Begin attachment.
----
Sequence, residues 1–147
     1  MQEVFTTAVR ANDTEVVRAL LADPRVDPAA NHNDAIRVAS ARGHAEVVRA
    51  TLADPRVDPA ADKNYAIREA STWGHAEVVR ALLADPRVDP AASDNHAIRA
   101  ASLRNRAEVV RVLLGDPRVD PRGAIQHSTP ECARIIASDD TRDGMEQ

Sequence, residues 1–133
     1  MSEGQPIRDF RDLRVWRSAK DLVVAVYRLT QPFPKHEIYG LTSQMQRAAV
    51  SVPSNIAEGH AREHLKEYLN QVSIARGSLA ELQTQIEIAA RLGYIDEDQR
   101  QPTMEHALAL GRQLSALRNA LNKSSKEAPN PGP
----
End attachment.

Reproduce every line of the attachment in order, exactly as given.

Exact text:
Sequence, residues 1–147
     1  MQEVFTTAVR ANDTEVVRAL LADPRVDPAA NHNDAIRVAS ARGHAEVVRA
    51  TLADPRVDPA ADKNYAIREA STWGHAEVVR ALLADPRVDP AASDNHAIRA
   101  ASLRNRAEVV RVLLGDPRVD PRGAIQHSTP ECARIIASDD TRDGMEQ

Sequence, residues 1–133
     1  MSEGQPIRDF RDLRVWRSAK DLVVAVYRLT QPFPKHEIYG LTSQMQRAAV
    51  SVPSNIAEGH AREHLKEYLN QVSIARGSLA ELQTQIEIAA RLGYIDEDQR
   101  QPTMEHALAL GRQLSALRNA LNKSSKEAPN PGP